What is Information Overload? + 3 Ways to Handle It
We’ve never been more connected. It’s essentially impossible not to be connected. Much of our social, personal, and professional lives revolve around a computer screen or a smartphone, along with the wealth of information they provide.
It’s no secret that the wealth of knowledge the Internet offers also has a dangerous caveat, which can be defined as information overload.
Information overload is a phenomenon that’s becoming increasingly common. Though technology does offer a generally more convenient lifestyle, it also provides a direct avenue to stress and feeling overwhelmed.
It’s inevitable to encounter information overload. Instead of prolonging or avoiding what you can’t avoid, it’s best to learn what information overload is and how you can deal with it.
Information overload is defined as “when people suffer from the fact that the amount of information they are confronted with is greater than their capacity to process it.”
It’s basically a case of your brain running on fumes and being unable to properly retain information. Information overload goes on to affect your physical, mental, and emotional health while also putting a negative dent in your work and personal lives.
This doesn’t only apply to social media, though it definitely casts a large shadow. Any form of media — be it films, TV shows, video games, music, or even books — can contribute to information overload.
There are just too many shows to stream (not to mention too many streaming services), video games to play, movies to watch, and books to read. It will take literal lifetimes to get through a fraction of all the world’s media.
Being in the know 24/7/365 is a losing battle, so it’s best not to fret about it too much.
Per a 2013 SINTEF study, about 90% of the world’s information has been generated in the last couple of years — more than the entirety of human history. Let that sink in: it only took a few years to generate more information than what it took a couple of millennia.
As with anything in life, luxuries and modern conveniences will eventually outstay their welcome.
It’s not just our social media feed or the shows we watch: it’s how we spend our leisure time, how we approach certain work tasks, and even what we do during our bedtime routines.
What all this mainly boils down to is giving your brain a break. Think of it as the primary hard drive for your body — it’ll start to sputter and overheat when running at full power for too long.
Whether you’re working or you’re blazing through the latest Netflix show, your brain’s bandwidth is being stretched to its limits. You know your own limits better than anyone, so make sure to listen to your body and proceed accordingly.
Remember that the average work day is best viewed as a marathon, not a sprint, so keep a consistent and manageable pace to avoid burnout.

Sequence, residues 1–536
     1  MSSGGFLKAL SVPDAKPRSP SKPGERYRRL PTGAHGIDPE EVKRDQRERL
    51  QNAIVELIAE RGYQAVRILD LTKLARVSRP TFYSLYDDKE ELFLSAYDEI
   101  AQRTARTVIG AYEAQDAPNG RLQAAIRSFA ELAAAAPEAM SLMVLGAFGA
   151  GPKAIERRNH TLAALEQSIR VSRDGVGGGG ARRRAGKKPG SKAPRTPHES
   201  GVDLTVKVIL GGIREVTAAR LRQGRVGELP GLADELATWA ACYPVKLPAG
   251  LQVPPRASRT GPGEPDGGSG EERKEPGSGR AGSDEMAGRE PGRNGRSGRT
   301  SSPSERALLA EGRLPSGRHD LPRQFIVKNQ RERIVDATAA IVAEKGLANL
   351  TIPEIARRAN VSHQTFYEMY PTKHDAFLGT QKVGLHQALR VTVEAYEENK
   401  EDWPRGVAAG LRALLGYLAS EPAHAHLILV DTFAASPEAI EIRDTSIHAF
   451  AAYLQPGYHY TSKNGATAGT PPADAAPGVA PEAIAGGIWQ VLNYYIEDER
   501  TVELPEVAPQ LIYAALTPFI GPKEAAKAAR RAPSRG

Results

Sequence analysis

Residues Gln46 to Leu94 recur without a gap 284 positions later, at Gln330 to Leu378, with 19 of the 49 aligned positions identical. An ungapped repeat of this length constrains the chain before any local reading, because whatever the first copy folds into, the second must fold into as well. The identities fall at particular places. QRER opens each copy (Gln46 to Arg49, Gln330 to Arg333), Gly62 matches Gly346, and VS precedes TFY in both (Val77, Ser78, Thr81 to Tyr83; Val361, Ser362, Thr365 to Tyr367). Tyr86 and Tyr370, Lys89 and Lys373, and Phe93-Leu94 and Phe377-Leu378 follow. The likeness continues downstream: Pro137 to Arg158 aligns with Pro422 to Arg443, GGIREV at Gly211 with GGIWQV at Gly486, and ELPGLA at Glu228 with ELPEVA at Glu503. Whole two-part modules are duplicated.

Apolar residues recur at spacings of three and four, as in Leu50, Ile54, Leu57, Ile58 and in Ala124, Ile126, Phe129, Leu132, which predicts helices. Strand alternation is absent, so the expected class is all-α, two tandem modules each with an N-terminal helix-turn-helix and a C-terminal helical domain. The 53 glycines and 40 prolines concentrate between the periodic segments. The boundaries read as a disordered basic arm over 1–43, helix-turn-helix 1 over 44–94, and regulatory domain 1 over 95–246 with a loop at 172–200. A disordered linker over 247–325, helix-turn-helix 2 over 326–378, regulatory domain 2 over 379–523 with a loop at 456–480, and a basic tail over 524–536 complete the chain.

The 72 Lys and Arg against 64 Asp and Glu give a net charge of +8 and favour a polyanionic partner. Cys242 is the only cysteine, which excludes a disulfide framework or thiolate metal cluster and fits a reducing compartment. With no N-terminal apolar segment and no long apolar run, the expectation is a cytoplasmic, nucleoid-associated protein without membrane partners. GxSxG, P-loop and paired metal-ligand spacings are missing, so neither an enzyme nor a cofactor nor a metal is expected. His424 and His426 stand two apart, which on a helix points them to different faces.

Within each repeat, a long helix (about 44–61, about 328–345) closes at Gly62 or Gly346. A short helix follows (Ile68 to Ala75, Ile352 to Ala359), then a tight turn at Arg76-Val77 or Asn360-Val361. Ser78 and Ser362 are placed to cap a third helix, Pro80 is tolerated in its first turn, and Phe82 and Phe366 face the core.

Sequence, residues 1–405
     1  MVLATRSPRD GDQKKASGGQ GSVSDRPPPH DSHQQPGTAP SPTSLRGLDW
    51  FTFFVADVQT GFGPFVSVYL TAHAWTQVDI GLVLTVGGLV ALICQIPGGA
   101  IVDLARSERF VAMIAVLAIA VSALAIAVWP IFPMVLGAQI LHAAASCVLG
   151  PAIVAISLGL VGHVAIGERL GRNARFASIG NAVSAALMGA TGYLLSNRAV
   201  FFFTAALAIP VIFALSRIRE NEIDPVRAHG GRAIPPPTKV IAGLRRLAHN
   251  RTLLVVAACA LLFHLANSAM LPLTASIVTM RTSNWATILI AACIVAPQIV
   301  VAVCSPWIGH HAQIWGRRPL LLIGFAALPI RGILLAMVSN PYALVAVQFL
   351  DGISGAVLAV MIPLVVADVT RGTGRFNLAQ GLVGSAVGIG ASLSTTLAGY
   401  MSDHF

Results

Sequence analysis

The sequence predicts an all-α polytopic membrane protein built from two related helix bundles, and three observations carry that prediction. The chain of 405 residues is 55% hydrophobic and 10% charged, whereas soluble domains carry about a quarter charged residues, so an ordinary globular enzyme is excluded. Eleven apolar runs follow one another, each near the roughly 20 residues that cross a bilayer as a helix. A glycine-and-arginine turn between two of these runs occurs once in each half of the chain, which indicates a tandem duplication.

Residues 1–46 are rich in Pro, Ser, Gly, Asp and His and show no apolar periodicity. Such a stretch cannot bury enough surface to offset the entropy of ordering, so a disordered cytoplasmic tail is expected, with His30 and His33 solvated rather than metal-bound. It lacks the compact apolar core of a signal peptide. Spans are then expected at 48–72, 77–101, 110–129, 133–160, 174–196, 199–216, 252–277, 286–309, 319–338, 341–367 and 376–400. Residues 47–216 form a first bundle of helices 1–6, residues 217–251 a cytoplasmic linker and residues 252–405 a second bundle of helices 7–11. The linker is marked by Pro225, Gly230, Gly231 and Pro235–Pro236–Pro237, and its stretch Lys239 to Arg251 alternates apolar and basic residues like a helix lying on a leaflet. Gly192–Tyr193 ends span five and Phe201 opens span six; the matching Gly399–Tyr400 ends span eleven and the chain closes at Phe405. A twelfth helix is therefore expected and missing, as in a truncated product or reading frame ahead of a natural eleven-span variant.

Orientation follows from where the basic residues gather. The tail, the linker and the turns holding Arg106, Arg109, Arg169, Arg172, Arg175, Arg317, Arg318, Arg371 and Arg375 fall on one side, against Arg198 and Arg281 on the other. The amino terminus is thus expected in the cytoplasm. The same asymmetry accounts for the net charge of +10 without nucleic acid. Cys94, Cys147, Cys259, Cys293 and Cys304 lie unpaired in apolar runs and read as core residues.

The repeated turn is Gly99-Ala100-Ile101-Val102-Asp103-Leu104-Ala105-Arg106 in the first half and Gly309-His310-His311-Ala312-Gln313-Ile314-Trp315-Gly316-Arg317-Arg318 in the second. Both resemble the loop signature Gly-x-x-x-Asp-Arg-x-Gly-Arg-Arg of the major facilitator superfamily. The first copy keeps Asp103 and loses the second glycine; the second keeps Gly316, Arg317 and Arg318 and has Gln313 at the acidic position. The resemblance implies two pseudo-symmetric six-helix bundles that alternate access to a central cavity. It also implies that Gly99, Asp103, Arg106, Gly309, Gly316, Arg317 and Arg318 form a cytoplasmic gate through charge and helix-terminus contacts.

Just like running, your workflow and your brain benefit from periods of rest and recovery.
Consider adopting the Pomodoro technique, a time management method that prioritizes taking consistent regular breaks. It’s a proven way to promote healthy productivity while also being considerate of the worker’s well-being.
Sometimes we have to force ourselves to take breaks, and that’s okay: so long as we actually take one.
When it comes to the breaks themselves, it is much too easy to pick up our phones and start scrolling through multiple social media feeds. Before you know it, your break time is over and you feel even more restless and overworked than before.
Take a proper break — read a book, eat a little snack, water your office plant (you should get one if you haven’t already), or even sit down and stare into your space. Your brain, mind, and even your body will thank you for a five or ten-minute break.
Speaking of staring into space…
Contrary to popular belief, you don’t have to do something all the time.
It shouldn’t be frowned upon to be idle every once in a while. There is true value in doing nothing for both body and mind.
Letting your mind wander can actually lead to great ideas and breakthroughs that wouldn’t have happened by constantly being hunched over a computer. Not only are you letting your mind breathe, but you’re also allowing it to draw conclusions and find places that would’ve never been thought of otherwise.
Per SCL Health, “When you turn off all distractions, it allows space for your subconscious to expand, ultimately boosting your creativity [...] You end up thinking of breakthrough, inventive answers that can lead to some life-changing ideas.”
It’s perfectly okay to not be productive all the time. It’s fine to have parts of your calendar completely open.
Though there is societal pressure to at least do something all the time, doing nothing should be looked at less as a waste of time and more as a long overdue mental and emotional self-cleansing.
You owe to yourself to do absolutely nothing once in a while. Stare into space, look out the window, sit in nature — your mind, body, and soul will thank you for it.
It’s no secret that our phones are the primary culprits in instilling feelings of anxiety, stress, and depression. Almost all of the best ways to combat that small screen are analog solutions: working out, meditating, and camping or hiking.
We’ve written blogs dedicated to each of these activities, so check them out for more detailed advice.
Just like burnout, suffering from information overload is inevitable.
Many of our jobs are dependent on technology, with the simplest tasks requiring an Internet connection. You’re bound to feel overwhelmed, but what matters is how you handle it. Don’t fight fire with fire.
Disconnect, take a deep breath, and stare at the wall for a bit. Be left to your own devices, not to a shiny screen.